3. If there are no observable purchase prices, the lessee would account for all the payments required by the contract as a lease. All FASB members and 13 IASB members supported this decision (2 IASB members voted against).

The boards directed the staff to include application guidance on how a lessee should determine what would be an observable price, taking into consideration the relevance of guidance in other projects such as revenue recognition.

Sale and leaseback transactions

The boards affirmed the decision in the Leases exposure draft that when a sale has occurred, the transaction will be accounted for as a sale and then a leaseback. If a sale has not occurred, the entire transaction will be accounted for as a financing. All board members supported this decision.

The boards tentatively decided that an entity should apply the control criteria described in the revenue recognition project to determine whether a sale has occurred. Six FASB members and 12 IASB members supported this decision (1 FASB member and 3 IASB members voted against).

The boards affirmed the decision in the Leases exposure draft (all board members supported this decision) that in a transaction accounted for as a sale and leaseback:

  1. When the consideration is at fair value, the gains and losses arising from the transaction should be recognised when the sale occurs.
  2. When the consideration is not established at fair value, the assets, liabilities, gains and losses recognised should be adjusted to reflect current market rentals.

The boards affirmed the decision in the Leases exposure draft that the seller/lessee would adopt the 'whole asset' approach in a sale and leaseback transaction. The 'whole asset' approach deems that in a sale and leaseback transaction, the seller/lessee sells the entire underlying asset and leases back a right-of-use asset relating to part of the underlying asset. All FASB members and 11 IASB members supported this decision (4 IASB members voted against).

The boards tentatively decided that the leases guidance would not prescribe a particular type of lessee accounting model for entities that are accounting for the leaseback part of a sale and leaseback transaction. All board members supported this decision.

Next steps

The boards will continue their redeliberations of the Leases exposure draft in April 2011.

 

IASB / FASB 14 March 2011

 

The IASB and the FASB discussed how to distinguish between a lease and a purchase or a sale, the accounting for purchase options, and short-term leases.

Distinguishing between a lease and a purchase or a sale

The boards discussed whether the leases standard should provide guidance for distinguishing a lease from a purchase or a sale.

The boards tentatively decided that guidance should not be provided in the leases standard for distinguishing a lease of an underlying asset from a purchase or a sale of an underlying asset. That is, if an arrangement does not contain a lease, it should be accounted for in accordance with other applicable standards (for example, property, plant, and equipment or revenue recognition). The IASB voted 11 in favour and 4 against, while the FASB voted unanimously in favour.

Accounting for purchase options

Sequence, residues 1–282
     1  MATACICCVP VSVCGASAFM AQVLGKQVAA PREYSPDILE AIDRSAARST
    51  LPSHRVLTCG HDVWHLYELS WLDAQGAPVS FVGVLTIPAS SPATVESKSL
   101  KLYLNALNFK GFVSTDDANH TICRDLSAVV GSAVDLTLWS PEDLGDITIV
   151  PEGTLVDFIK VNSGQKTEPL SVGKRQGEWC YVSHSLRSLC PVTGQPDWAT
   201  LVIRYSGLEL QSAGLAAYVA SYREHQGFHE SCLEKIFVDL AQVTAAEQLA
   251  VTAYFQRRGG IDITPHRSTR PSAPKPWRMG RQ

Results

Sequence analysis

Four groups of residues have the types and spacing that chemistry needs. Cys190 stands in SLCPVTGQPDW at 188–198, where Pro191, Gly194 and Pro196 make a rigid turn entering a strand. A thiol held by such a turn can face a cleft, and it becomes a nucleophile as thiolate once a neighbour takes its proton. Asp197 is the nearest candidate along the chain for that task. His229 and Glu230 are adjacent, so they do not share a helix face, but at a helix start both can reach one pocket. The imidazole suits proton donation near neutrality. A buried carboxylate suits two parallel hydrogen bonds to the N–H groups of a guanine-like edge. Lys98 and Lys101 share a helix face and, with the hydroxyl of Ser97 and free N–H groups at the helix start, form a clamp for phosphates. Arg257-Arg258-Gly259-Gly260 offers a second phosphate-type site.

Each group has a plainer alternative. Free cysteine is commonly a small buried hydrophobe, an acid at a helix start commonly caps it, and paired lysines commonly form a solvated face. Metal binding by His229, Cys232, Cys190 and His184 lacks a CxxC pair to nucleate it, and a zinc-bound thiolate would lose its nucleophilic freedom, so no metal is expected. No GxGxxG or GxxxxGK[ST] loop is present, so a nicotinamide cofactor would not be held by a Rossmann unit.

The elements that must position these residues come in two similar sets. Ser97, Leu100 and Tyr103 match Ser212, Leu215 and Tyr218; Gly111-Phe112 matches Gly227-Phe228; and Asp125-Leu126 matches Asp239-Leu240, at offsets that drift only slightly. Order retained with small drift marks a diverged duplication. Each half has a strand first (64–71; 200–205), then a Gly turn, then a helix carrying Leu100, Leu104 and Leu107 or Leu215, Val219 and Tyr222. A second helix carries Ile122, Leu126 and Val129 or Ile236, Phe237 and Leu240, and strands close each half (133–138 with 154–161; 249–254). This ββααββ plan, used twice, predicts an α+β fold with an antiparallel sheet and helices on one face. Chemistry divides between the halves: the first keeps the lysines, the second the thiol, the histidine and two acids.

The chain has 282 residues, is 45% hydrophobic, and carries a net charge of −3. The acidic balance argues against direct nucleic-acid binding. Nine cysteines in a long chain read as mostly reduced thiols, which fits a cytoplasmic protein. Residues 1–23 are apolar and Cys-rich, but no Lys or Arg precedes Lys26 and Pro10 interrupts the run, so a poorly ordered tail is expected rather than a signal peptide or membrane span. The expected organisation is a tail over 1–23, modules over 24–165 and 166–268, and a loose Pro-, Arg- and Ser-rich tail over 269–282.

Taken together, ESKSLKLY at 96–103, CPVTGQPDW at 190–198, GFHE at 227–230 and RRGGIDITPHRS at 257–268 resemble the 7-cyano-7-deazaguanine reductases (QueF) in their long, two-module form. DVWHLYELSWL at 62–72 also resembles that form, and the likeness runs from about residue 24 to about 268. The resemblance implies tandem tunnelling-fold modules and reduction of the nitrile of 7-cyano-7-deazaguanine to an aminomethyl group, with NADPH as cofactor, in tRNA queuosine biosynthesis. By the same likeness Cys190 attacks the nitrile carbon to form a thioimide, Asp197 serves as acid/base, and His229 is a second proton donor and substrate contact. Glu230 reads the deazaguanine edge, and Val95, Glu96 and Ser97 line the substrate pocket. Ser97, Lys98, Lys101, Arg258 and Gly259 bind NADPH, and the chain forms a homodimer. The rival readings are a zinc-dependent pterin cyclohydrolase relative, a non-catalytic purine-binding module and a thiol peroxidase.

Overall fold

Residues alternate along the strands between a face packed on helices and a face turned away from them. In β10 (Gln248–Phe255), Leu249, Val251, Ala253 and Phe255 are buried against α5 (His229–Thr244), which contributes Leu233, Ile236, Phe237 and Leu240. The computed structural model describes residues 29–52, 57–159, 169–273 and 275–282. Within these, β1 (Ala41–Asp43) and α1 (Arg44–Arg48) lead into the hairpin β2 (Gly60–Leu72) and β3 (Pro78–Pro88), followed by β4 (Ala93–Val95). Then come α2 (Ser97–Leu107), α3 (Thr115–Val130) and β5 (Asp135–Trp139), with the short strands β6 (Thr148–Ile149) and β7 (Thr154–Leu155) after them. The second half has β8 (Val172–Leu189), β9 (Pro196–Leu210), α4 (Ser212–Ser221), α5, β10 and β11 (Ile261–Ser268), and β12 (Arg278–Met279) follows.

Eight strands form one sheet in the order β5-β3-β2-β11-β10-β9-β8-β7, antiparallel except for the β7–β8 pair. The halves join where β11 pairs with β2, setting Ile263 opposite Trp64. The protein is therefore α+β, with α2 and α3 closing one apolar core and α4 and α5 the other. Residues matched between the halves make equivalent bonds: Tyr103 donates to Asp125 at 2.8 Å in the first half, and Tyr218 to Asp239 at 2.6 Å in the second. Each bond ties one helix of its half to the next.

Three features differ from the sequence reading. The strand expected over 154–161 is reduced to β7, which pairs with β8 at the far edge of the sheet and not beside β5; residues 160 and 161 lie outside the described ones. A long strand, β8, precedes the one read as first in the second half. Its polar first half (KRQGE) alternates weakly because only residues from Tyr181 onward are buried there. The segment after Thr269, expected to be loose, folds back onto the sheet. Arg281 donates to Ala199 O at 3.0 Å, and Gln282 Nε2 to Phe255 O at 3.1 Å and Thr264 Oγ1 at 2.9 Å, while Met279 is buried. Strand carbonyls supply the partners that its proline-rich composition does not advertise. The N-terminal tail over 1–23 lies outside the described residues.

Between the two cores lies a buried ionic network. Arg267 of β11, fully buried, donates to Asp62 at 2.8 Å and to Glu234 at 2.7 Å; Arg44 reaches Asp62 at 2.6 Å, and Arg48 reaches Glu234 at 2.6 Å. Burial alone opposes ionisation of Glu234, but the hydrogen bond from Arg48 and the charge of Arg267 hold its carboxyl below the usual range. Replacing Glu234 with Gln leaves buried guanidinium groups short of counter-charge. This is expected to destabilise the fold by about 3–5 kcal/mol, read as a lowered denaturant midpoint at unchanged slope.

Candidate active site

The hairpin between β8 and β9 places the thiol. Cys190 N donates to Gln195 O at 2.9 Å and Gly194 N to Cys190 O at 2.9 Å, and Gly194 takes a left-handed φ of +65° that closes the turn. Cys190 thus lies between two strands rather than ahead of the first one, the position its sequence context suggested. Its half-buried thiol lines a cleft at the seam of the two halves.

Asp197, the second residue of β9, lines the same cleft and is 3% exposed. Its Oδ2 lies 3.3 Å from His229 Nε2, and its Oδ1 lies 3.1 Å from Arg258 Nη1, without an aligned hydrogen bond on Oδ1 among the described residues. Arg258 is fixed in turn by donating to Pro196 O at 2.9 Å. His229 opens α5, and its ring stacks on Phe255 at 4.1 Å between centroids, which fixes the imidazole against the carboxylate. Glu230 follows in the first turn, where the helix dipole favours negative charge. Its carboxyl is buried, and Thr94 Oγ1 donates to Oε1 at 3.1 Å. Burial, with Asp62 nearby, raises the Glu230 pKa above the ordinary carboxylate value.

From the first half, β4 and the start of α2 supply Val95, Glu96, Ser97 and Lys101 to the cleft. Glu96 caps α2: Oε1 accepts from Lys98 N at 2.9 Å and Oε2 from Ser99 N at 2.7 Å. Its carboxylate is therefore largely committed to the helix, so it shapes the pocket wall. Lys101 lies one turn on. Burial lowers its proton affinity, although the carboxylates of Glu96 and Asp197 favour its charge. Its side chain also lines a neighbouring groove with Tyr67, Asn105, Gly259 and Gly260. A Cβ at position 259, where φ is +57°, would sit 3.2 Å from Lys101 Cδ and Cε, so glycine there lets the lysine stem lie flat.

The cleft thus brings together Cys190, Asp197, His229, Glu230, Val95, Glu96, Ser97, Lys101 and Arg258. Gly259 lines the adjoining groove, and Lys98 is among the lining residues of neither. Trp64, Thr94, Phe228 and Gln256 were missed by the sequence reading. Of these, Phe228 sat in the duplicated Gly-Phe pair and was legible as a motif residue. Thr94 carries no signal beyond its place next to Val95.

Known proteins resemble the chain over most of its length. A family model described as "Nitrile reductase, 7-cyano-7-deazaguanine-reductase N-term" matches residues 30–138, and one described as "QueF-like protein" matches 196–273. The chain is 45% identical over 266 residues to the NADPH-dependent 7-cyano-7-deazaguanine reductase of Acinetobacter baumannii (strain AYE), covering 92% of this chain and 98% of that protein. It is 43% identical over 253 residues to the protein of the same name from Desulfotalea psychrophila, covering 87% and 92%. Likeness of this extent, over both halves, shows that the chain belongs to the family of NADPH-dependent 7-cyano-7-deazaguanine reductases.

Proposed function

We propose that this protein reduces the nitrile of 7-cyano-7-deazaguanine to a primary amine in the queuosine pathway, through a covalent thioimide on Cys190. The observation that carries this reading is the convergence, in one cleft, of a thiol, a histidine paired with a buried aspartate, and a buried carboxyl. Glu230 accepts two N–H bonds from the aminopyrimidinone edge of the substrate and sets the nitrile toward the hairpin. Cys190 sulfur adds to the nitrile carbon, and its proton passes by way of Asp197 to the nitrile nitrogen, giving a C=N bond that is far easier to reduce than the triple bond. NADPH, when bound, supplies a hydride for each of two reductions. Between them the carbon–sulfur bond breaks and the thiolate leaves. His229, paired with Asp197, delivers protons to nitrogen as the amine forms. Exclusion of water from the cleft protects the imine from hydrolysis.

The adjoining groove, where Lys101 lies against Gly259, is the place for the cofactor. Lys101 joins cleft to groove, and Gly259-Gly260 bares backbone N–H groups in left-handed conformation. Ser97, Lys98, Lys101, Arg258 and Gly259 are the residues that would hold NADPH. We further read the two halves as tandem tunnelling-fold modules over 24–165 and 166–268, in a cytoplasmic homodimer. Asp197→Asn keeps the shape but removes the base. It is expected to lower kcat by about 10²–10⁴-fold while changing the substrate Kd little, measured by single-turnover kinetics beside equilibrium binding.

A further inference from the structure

The boards discussed how lessees and lessors should account for options to purchase the underlying assets that are included within an arrangement that contains a lease.

The boards tentatively decided that lessees and lessors should include the exercise price of a purchase option (including bargain purchase options) in the measurement of the lessee's liability to make lease payments and the lessor's right to receive lease payments, if the lessee has a significant economic incentive to exercise the purchase option. If it is determined that the lessee has a significant economic incentive to exercise the purchase option, the right-of-use asset recognised by the lessee should be amortised over the economic life of the underlying asset, rather than over the lease term. The IASB voted 13 in favour and 2 against, while the FASB voted unanimously in favour.

The boards also discussed whether a lessee and a lessor should reassess how to account for a purchase option included within an arrangement that contains a lease in subsequent periods. The boards tentatively indicated a preference for specifying the same reassessment guidance for purchase options as was tentatively decided for options to extend or terminate a lease. However, the boards instructed the staff to seek input through targeted outreach on the costs and benefits of requiring reassessment.

The boards will continue their redeliberations of the Leases exposure draft at future meetings.

Short-term leases

The IASB and the FASB discussed the accounting for short-term leases by lessees and lessors. The boards tentatively decided that:

  1. A short-term lease, for both lessees and lessors, is defined as 'a lease that, at the date of commencement of the lease, has a maximum possible term, including any options to renew, of 12 months or less'. The IASB and the FASB both voted unanimously in favour.
  2. Lessees and lessors may elect:
    • as an accounting policy for a class of underlying asset(s) (the IASB voted 8 in favour and 7 against, while the FASB voted 5 in favour and 2 against), to account for all short-term leases by not recognising lease assets or lease liabilities (the IASB voted 10 in favour and 5 against, while the FASB voted 4 in favour and 3 against); and
    • to recognise lease payments in profit or loss on a straight-line basis over the lease term, unless another systematic and rational basis is more representative of the time pattern in which use is derived from the underlying asset. All the IASB and FASB members supported this decision.

    Next steps

    The boards will continue their redeliberations of the Leases exposure draft at the meeting in the week beginning 21 March.